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We're a Java shop, we're not going to get hacked...

This article is another in a series of articles associated with our Executive Brief. To access the executive brief, “Addressing Security Concerns in Open-Source Components,” visit You can follow the conversation on Twitter using the hashtag #OSSsecurity.

I just wanted to reiterate the key point of yesterday's security brief which is: "You and everyone else in the world are likely downloading vulnerable components." If you don't believe me, then take a look at this graph:

First, note the logarithmic scale - downloads over an entire year. Then, take a look at the left-side of the chart. See anything familiar? GWT, Spring, Struts, CXF, Xerces? If you use these components, you should try to identify which versions are affected by widely known CVE vulnerabilities. It's that simple, if you use these components it would be a good idea to browse the CVE database, or to take a look at Nexus Professional's Repository Health Check.

Really, attackers aren't going to go to the trouble...

Developers, you might be thinking, "an insecurity in GWT or Xerces, who's going to trouble of doing that much research? Who's *really* going to hack into Megabank via some obscure AJP vulnerability in a Tomcat connector?" And if you are asking these questions as a way to shuffle this all under the rug, I understand. There's enough work in the pipeline already and you don't need another thing to worry about. As developers we're not going to turn into security professionals overnight, but we can start using tools like Nexus Professional to help identify vulnerable components and isolate us from deploying known security problems to production.

It isn't the likelihood that someone will hack GWT that is the issue, it is the idea that deploying any code with a known security vulnerability needs to be identified as a disqualifier. The idea that if you get compromised and someone realizes that it was a known vulnerability (for years): developers need to be motivated to avoid this embarrasing situation. The point I've tried to make on this blog is that we (developers) are not really paying attention to this problem because we just assume that it is someone else's problem.

Ignoring Security: It isn't a question of if you'll get hacked, it's when

The issue of data and systems security has repeatedly been front-page news time and time again over the past year. Groups like Anonymous and Lulzsec made a public sport in 2011 of hacking into serious organizations and making every effort to embarrass and ridicule them for lax security. The last few years have been pretty embarrassing years for a lot of security departments at large corporations and a few governments. 2012 promises to be even more active with McAfee predicting the reorganization of Anonymous, but focusing on these high-profile, news-generating events ignores the scope of the problem. It isn't about volume, it is about your exposure to this risk.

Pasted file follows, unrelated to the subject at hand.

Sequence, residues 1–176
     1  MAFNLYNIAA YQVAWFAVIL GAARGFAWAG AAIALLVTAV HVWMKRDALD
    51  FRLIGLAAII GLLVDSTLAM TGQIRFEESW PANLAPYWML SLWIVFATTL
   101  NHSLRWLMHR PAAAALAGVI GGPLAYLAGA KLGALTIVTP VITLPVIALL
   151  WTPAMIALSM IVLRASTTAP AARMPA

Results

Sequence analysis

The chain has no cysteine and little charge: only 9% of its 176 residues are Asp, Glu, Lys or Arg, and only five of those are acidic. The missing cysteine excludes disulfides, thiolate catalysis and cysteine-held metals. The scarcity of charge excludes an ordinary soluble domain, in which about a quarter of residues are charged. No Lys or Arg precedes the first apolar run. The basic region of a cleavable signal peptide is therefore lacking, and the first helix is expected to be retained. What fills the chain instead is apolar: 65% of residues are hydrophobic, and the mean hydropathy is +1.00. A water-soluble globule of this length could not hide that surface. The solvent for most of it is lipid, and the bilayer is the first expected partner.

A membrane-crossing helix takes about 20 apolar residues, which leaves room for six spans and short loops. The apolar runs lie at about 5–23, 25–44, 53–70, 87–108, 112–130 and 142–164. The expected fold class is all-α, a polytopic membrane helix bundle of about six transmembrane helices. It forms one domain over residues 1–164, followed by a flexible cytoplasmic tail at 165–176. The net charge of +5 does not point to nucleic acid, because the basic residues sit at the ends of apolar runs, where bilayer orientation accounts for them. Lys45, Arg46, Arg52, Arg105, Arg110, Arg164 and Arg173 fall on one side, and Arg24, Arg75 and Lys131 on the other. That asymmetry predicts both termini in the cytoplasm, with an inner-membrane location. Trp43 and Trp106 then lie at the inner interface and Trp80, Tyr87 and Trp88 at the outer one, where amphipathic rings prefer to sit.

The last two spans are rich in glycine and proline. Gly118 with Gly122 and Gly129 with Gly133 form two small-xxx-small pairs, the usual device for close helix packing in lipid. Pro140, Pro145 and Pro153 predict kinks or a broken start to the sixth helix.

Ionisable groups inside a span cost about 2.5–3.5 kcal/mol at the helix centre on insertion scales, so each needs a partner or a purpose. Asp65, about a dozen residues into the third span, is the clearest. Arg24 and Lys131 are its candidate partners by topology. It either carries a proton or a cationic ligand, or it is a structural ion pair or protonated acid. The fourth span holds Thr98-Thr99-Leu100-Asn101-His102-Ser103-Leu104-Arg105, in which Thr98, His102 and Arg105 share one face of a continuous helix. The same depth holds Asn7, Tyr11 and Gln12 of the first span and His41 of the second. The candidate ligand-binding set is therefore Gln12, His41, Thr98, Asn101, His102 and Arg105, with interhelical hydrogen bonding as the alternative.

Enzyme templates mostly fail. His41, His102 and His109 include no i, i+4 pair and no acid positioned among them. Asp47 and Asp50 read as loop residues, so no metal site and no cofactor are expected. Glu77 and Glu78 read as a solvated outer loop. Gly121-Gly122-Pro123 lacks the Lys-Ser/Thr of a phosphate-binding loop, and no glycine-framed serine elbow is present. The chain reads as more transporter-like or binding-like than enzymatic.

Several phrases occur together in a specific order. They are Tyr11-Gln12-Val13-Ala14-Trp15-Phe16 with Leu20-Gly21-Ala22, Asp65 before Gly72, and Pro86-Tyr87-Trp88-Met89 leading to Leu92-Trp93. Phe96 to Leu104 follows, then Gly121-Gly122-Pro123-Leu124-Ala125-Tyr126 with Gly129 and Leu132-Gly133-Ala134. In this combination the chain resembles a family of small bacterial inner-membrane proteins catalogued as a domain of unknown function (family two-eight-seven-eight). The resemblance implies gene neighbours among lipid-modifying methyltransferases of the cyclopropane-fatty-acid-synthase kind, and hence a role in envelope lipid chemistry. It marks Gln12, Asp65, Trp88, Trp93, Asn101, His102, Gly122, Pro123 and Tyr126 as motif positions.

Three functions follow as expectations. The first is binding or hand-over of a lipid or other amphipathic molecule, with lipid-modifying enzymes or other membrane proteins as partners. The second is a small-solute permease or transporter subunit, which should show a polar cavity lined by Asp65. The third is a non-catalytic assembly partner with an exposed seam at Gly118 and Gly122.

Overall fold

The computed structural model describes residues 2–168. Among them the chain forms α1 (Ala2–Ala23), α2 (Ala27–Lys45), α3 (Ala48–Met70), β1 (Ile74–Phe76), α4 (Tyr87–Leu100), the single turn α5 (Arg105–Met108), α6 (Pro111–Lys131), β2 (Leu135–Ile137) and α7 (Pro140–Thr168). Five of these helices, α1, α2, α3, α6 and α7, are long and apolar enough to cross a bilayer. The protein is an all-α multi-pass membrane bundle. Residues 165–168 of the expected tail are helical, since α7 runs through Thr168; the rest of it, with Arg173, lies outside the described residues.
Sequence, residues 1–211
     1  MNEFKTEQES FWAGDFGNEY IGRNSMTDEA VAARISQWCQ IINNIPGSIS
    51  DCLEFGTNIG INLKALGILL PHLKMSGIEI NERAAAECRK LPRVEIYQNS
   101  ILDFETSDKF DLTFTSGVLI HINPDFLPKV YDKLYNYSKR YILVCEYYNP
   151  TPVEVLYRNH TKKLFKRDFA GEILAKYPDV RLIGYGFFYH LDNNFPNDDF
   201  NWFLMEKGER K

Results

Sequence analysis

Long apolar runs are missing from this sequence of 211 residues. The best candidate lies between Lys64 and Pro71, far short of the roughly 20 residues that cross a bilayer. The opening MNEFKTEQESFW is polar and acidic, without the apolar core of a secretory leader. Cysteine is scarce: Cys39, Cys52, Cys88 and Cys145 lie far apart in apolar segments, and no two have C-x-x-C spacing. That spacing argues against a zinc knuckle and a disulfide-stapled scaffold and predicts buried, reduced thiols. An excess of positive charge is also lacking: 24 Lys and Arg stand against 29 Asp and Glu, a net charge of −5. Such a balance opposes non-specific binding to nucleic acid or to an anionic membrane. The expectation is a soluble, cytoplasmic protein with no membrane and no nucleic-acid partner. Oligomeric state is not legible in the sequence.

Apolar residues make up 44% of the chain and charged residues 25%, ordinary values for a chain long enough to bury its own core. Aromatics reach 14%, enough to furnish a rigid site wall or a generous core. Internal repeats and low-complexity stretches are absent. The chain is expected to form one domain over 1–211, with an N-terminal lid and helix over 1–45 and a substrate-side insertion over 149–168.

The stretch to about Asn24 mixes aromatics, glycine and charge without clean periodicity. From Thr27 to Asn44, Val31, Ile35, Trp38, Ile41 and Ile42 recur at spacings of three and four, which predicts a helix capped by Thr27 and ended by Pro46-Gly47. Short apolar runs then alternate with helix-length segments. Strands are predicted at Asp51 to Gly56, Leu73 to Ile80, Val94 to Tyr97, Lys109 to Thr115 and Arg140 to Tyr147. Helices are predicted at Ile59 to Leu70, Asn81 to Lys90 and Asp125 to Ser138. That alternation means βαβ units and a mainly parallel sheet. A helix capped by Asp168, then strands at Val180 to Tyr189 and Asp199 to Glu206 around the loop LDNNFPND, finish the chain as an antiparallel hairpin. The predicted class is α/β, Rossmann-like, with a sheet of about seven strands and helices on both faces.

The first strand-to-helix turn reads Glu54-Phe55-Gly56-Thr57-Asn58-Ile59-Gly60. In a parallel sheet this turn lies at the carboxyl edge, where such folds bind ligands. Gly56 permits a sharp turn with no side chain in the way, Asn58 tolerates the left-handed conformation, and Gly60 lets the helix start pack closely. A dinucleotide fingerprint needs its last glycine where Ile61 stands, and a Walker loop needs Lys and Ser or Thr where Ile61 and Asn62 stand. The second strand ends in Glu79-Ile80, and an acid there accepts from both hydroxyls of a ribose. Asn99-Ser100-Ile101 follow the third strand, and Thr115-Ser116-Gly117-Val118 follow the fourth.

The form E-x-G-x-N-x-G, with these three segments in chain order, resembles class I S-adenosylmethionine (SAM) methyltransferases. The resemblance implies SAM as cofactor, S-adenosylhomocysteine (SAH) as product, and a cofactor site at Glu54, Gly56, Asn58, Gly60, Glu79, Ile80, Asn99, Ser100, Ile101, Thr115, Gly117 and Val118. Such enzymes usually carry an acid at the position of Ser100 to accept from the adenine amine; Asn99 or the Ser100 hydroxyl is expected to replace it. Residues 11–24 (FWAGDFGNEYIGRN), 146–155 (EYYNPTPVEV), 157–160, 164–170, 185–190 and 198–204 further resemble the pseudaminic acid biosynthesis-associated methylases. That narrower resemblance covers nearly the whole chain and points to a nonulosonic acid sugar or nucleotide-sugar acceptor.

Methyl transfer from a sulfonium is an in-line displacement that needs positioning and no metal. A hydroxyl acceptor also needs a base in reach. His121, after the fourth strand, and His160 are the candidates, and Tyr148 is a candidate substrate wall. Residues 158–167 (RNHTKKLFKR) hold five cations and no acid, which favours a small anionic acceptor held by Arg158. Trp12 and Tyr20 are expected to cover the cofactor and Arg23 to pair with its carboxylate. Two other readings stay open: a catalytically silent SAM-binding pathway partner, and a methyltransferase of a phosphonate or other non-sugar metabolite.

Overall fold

I've seen some recent attacks in action. Attacks on both Java-based web architectures and PHP-based architectures. While it's true that PHP-based applications present a much larger and more insecure surface area to attack, it has to be said that Java-based web applications and .NET present a much more lucrative target. An attacker can compromise all the two-bit Drupal instances in the world without stumbling upon anything worth intruding, or they can focus on a multi-month strategy of social engineering and direct attacks to compromise one the Global 100 financial institutions that are downloading insecure dependencies every day.

Welcome to the Security Theater

If you are banking on the fact that attacking Struts 2 or Log4J is just too esoteric for most hackers to do, you are participating in something Bruce Schneier calls Security Theater, and that's really what I'm taking away from this study. Some of these institutions are so invested in presenting an image of trust and security that they will spend millions on Super Bowl ads and marketing efforts to purchase customer trust. But, at the end of that day they continue to download vulnerabilities. It doesn't match up, we need a change of culture in development and security needs to be top of mind.

It's time for developers to start taking security seriously. You could choose to be proactive about the problem and use tools like Nexus Professional to automatically correlate CVE vulnerabilities from CERT with your artifacts, or you can wait until someone replaces your company website with a funny picture and lose the ability to download artifacts from Central altogether. The choice is yours.

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Written by Tim OBrien

Tim is a Software Architect with experience in all aspects of software development from project inception to developing scaleable production architectures for large-scale systems during critical, high-risk events such as Black Friday. He has helped many organizations ranging from small startups to Fortune 100 companies take a more strategic approach to adopting and evaluating technology and managing the risks associated with change.